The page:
Animals, Brain, Brain Mapping, Electroencephalography, Form Perception, Humans, Motion Perception, Primates, Space Perception, Visual Pathways, Science & Technology, Social Sciences, Life Sciences & Biomedicine, Behavioral Sciences, Neurosciences, Psychology, Experimental, Neurosciences & Neurology, Psychology, STRUCTURE-FROM-MOTION, SUPERIOR TEMPORAL SULCUS, HUMAN VISUAL-CORTEX, BIOLOGICAL MOTION, IMPLIED-MOTION, REPRESENTATIONAL MOMENTUM, 3-DIMENSIONAL STRUCTURE, CORTICAL AREA, POLYSENSORY AREA, APPARENT MOTION, Experimental Psychology, 17 Psychology and Cognitive Sciences, 11 Medical and Health Sciences, 08 Information and Computing Sciences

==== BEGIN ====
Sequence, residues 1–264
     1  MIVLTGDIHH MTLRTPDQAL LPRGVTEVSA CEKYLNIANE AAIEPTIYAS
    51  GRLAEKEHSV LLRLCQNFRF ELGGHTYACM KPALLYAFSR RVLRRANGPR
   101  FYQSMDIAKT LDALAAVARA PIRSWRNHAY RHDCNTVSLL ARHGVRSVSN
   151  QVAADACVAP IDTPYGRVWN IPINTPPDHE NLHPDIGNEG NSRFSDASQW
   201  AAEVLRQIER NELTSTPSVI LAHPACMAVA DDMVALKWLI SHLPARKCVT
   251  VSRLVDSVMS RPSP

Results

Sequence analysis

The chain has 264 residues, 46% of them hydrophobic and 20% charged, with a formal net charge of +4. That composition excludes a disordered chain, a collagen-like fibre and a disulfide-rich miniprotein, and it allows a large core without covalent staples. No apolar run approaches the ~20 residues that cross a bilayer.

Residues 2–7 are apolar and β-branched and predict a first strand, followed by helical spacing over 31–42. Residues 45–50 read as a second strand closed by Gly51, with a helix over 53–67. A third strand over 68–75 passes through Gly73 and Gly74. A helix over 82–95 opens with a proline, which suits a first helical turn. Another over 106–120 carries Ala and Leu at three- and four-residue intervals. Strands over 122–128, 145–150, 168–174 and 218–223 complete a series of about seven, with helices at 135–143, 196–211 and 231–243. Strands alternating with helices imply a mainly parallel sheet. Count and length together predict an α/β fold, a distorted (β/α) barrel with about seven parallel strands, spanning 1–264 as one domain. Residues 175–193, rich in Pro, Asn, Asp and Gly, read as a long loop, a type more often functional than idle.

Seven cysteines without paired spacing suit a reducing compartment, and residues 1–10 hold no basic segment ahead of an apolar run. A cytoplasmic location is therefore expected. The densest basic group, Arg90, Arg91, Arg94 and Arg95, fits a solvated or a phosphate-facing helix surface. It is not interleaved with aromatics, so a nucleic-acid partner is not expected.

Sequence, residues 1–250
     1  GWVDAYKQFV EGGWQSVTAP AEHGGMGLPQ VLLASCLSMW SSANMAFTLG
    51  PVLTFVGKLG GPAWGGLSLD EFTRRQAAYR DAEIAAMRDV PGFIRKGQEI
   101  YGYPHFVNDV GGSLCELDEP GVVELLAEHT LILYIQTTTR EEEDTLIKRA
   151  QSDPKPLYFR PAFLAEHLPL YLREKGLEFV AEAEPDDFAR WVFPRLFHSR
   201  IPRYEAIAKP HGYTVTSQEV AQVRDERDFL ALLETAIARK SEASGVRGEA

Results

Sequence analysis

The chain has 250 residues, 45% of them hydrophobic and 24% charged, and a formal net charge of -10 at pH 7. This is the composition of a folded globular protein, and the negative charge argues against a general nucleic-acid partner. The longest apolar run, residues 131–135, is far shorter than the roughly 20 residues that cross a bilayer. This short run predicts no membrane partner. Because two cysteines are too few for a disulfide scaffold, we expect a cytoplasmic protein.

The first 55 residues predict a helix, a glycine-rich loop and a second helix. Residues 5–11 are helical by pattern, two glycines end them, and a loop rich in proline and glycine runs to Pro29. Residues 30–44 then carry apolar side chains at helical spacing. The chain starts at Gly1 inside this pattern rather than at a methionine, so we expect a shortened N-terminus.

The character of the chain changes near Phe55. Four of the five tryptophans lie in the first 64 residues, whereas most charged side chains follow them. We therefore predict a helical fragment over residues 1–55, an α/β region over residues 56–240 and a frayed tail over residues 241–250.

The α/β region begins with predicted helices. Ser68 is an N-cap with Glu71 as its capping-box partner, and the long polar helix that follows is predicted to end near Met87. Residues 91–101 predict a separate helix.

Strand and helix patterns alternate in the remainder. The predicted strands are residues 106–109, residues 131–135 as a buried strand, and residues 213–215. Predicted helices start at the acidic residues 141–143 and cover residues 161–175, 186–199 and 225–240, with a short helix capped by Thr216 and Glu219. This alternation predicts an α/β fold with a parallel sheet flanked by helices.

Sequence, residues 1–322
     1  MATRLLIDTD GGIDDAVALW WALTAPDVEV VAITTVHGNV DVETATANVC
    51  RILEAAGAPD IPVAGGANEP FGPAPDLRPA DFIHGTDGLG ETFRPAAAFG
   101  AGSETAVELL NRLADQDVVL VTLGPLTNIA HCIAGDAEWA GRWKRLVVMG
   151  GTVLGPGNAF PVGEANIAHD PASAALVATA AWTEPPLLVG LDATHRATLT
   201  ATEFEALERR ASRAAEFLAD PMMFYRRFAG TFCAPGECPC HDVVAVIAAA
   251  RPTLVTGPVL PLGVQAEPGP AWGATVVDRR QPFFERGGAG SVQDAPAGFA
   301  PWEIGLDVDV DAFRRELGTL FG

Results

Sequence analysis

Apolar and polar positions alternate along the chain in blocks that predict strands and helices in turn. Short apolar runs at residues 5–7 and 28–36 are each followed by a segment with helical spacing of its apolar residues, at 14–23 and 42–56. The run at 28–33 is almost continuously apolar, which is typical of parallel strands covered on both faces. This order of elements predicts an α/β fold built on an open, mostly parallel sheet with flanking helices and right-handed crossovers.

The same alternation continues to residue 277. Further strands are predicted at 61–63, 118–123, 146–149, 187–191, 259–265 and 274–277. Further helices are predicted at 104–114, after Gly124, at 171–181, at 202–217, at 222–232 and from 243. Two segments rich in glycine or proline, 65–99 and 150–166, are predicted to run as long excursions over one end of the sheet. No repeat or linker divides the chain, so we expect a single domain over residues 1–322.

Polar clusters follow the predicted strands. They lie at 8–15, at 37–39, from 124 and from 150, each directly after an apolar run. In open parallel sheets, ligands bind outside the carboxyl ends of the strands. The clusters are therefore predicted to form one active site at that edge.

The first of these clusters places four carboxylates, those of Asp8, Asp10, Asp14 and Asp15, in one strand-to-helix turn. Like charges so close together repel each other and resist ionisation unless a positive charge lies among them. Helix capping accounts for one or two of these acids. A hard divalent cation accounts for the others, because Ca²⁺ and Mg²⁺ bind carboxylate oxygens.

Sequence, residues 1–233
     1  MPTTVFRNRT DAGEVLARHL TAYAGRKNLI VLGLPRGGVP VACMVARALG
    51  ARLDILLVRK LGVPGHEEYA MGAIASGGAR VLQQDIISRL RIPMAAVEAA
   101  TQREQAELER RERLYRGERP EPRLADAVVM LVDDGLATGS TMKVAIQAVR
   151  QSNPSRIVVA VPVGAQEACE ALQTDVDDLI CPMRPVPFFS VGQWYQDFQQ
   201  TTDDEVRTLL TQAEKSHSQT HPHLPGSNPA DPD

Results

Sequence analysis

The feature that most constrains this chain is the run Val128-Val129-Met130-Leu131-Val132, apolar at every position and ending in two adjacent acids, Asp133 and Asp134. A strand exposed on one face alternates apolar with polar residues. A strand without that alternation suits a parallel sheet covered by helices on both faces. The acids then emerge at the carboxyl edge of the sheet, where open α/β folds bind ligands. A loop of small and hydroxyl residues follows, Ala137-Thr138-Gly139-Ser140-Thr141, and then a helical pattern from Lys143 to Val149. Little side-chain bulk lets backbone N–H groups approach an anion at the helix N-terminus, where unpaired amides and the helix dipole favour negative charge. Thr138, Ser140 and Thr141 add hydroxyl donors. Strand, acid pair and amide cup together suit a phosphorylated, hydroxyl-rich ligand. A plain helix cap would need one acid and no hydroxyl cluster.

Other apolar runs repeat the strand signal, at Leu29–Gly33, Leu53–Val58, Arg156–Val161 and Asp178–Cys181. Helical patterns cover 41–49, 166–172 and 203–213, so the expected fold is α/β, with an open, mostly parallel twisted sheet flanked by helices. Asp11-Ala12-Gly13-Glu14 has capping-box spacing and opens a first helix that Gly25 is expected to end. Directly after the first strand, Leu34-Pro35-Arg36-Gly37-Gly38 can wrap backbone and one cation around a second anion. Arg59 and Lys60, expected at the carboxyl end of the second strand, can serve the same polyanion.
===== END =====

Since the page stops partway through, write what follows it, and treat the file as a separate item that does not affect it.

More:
Understanding dynamic events entails the integration of information about form and motion that is crucial for fast and successful interactions in complex environments. A striking example of our sensitivity to dynamic information is our ability to recognize animate figures by the way they move and infer motion from still images. Accumulating evidence for form and motion interactions contrasts with the traditional dissociation between shape and motion-related processes in the ventral and dorsal visual pathways. By combining findings from physiology and brain imaging it can be demonstrated that the primate brain converts information about spatiotemporal sequences into meaningful actions through interactions between early and higher visual areas processing form and motion and frontal-parietal circuits involved in the understanding of actions.